What I’ve Learned From A Gravel Road

hihi 056

There is a gravel road that runs just outside of the small town I’ve called home for the past four years. It’s the road that I always run in the warm months, the road where I walk and have long-winded phone calls with my mother, the road where I jog alongside the male wrestlers training for season, and where I pushed myself for my very first 5K. It is the gravel road that has built me, strengthened me, and defined me. The gravel road I have claimed as mine.

I have never considered myself anything but a city girl. Born and raised in the suburbs, my town with a population of almost 145,000 was a city in itself. And I never thought of myself as anything else.

I didn’t understand the way of small towns. The way people love each other like family, how doors and houses stay unlocked, how bars become second homes, and how two gas stations, three restaurants, and a corner store are all you really need.

I didn’t understand until I lived there. Breathed the air, engaged in beers and conversations with men who worked the night shift, single mothers with three daughters in daycare, teenagers on the edge of their seats, itching to run.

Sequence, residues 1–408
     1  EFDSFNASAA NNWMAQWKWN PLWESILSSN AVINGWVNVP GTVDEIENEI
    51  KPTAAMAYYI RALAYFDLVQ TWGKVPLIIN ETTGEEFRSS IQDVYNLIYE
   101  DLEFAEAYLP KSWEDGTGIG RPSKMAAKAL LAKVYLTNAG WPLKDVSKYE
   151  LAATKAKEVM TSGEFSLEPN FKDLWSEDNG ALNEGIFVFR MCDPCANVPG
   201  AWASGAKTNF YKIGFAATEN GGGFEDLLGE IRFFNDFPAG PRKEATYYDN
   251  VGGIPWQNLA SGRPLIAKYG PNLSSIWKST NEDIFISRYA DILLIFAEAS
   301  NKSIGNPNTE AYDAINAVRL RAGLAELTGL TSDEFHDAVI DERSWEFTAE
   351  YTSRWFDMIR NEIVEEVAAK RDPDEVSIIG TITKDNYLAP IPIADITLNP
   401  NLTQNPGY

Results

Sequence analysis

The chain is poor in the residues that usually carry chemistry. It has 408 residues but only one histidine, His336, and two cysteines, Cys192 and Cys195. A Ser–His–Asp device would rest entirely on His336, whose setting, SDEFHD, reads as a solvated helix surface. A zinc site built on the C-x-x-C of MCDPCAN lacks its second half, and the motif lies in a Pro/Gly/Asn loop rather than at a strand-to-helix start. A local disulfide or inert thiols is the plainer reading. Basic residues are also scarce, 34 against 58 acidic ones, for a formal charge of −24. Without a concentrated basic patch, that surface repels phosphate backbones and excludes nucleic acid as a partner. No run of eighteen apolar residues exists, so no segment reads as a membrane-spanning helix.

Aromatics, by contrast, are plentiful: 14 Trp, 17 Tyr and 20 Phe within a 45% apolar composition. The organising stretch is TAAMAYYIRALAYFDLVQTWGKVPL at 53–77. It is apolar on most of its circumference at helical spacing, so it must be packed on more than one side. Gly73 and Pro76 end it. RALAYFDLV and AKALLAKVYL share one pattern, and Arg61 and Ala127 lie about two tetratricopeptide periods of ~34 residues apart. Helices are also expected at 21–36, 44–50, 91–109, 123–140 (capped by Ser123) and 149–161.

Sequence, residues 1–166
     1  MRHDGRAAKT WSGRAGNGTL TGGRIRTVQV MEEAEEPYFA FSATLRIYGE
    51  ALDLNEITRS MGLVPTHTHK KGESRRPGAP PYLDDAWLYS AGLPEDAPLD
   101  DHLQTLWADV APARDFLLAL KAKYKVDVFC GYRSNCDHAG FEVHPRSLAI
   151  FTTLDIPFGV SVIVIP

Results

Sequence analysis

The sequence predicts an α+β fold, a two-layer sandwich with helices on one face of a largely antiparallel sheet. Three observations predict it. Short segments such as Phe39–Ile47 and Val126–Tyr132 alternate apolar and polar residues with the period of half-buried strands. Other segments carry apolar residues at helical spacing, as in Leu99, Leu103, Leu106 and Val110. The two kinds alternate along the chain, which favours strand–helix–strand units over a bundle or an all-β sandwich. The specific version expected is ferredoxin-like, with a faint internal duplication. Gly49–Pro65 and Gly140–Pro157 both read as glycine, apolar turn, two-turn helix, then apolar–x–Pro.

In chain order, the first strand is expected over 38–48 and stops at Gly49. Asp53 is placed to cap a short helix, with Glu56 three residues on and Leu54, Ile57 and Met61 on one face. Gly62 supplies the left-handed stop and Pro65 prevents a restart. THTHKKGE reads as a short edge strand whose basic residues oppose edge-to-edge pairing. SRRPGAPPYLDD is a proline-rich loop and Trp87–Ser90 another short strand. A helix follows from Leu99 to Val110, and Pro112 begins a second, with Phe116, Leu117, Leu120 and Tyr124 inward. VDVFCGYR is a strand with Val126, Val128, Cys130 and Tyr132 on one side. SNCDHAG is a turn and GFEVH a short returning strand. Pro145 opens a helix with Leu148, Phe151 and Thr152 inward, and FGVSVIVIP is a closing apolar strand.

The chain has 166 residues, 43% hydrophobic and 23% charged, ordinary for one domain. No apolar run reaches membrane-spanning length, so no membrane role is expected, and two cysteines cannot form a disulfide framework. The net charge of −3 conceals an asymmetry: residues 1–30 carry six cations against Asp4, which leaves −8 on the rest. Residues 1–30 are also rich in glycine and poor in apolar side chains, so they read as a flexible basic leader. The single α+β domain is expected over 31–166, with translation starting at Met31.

If you’ve lived in a small town, you know this: you love and are loved, without question. And I didn’t learn this until I accepted my small town for its quirks, its idiosyncrasies, and its gravel backroads.

On the gravel road I run, cars pass and always shift to the other side. On the left side of the road are houses, families, children running through sprinklers, and dogs barking at trampolines. To the right are rows and rows of cornfields. I used to stare at those cornfields as I’d run, as a heavy bass beat would pulse through my headphones, as I would steady my breathing, in out in out. I would watch those cornfields, imagine myself running through them, the stalks whipping against my face, the way the wheat and the corn and the earth would tingle in my nose, fill my lungs with that small-town smell. I imagined myself getting lost in those cornfields as the sun set turning them a golden yellow. It was so beautiful I wanted to cry. It was a feeling I couldn’t explain, not to anyone. Because they just didn’t get it. They didn’t understand how a city girl could suddenly find home in a place 400 miles away from where she grew up, how a girl prone to the fast-paced life would suddenly want to slow down, steady her rhythm, and slow her step to the bends and curves of a small town gravel road.

I learned, from that road, that I was never just a city girl. Never a person who could be pinned, rooted, grounded in one place. Like those cornstalks in the June breeze, like the gravel under my feet, I was growing, moving, shifting. Never settled in one place.

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